Today’s Bible study is intended to answer a simple question you may have had while reading the Word of God. This question went unanswered in my life for many years until I stumbled over the answer in my daily Bible reading. The question is: “Who is Zeruiah?”
Zeruiah is named 26 times in 25 verses and 4 books of the Bible. Zeruiah had 3 prominent sons: Joab, Abishai, and Asahel (2 Sam. 2:18).
The Sons of Zeruiah
Joab, the commander of David’s army (2 Sam. 8:16; 1 Chron. 11:6; 18:15), is often named as “Joab the son of Zeruiah” (2 Sam. 2:13; 14:1; 23:37; 1 Kings 1:7; 2:5, 22; 1 Chron. 11:39; 26:28; 27:24).
Abishai was listed as one of David’s 37 “mighty men.” He was chief of the second 3, although he did not attain to David’s top 3 (2 Sam. 23:18-19). Abishai once saved saved David’s life (2 Sam. 21:15-17). Abishai is frequently named as “Abishai the son of Zeruiah” (1 Sam. 26:6; 2 Sam. 16:9; 18:2; 19:21; 23:18; 1 Chron. 18:12).
Asahel is also listed as one of David’s 37 “mighty men” (2 Sam.23:24). Unfortunately Asahel was killed at a young age by Abner the commander of the Israelite army during a skirmish between David’s servants and those of Saul’s son Ishbosheth while David was king of Judah, before he became king of all Israel.
The three sons of Zeruiah were mighty men who fought bravely for David and were important to his success. They loyally supported David throughout his life, from the period while he was running from Saul through his 40-years as king.
But the sons of Zeruiah were too vengeful and quick to kill for David’s liking. The Bible records David saying:
- “. . . these men the sons of Zeruiah be too hard for me” (2 Sam. 3:39)
- “What have I to do with you, ye sons of Zeruiah? so let him curse” (2 Sam. 16:10)
- “What have I to do with you, ye sons of Zeruiah, that ye should this day be adversaries unto me? shall there any man be put to death this day in Israel? for do not I know that I am this day king over Israel?” (2 Sam. 19:22)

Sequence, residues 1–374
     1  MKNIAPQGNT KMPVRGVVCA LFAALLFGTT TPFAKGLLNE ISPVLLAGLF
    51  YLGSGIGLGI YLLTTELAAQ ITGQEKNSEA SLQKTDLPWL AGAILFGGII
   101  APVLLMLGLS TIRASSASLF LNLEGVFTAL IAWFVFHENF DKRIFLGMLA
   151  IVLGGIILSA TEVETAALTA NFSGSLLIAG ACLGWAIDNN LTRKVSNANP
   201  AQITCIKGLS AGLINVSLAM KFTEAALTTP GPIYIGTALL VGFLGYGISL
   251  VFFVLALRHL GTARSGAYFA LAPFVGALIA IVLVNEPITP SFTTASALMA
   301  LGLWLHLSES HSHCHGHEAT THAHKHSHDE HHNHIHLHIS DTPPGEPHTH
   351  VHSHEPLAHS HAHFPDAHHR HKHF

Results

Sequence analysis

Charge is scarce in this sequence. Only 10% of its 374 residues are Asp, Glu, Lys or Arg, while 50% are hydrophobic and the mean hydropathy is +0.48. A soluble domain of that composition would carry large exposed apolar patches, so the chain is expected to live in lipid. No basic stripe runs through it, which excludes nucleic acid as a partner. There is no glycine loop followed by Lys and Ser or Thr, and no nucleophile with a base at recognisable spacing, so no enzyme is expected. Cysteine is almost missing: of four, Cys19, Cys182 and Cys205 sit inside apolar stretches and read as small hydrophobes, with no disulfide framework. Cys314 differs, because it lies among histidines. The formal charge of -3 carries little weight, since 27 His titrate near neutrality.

- Moreover thou knowest also what Joab the son of Zeruiah did to me, and what he did to the two captains of the hosts of Israel, unto Abner the son of Ner, and unto Amasa the son of Jether, whom he slew, and shed the blood of war in peace, . . . ” (1 Kings 2:5)
So why were these 3 mighty men so often specified as “sons of Zeruiah”? And why did they loyally support David throughout his life?
Who was Zeruiah?
The answer to this question is found in the genealogy of Judah leading to David, recorded in 1 Chronicles 2:3-12; 13-15; 16.
Many people find the genealogies in the Bible hard to read. Their eyes glaze over or they skip them entirely. But some interesting things can be found in the genealogies, and the answer to the question of who Zeruiah was is one of them.
David had 7 older brothers (1 Sam. 16:10-11) and 2 sisters (1 Chron. 2:16). Zeruiah was one of David’s two sisters. And the 3 sons of Zeruiah (Joab, Abishai, and Asahel) were David’s nephews.
BONUS – Who Was Amasa?
When Absalom stole the kingship and sought to kill his father David, he made Amasa the commander of the Israelite army (2 Sam. 17:25). Even though Amasa led the forces that tried to kill and overthrow him, once Absalom had been defeated David retained Amasa as commander of the army in place of Joab (2 Sam. 19:13). Why would David do this. And why did David refer to Amasa as “of my bone, and of my flesh” (2 Sam. 19:13).
The answer to this question is also found in 1 Chronicles 2:16-17. Amasa was the son of Abigail (1 Chron. 2:17) who was David’s other sister in addition to Zeruiah (1 Chron. 2:16). So Amasa was also David’s nephew. Unfortunately for Amasa (son of Abigail), Joab (the son of Zeruiah) killed his cousin to regain his role as head of Israel’s army.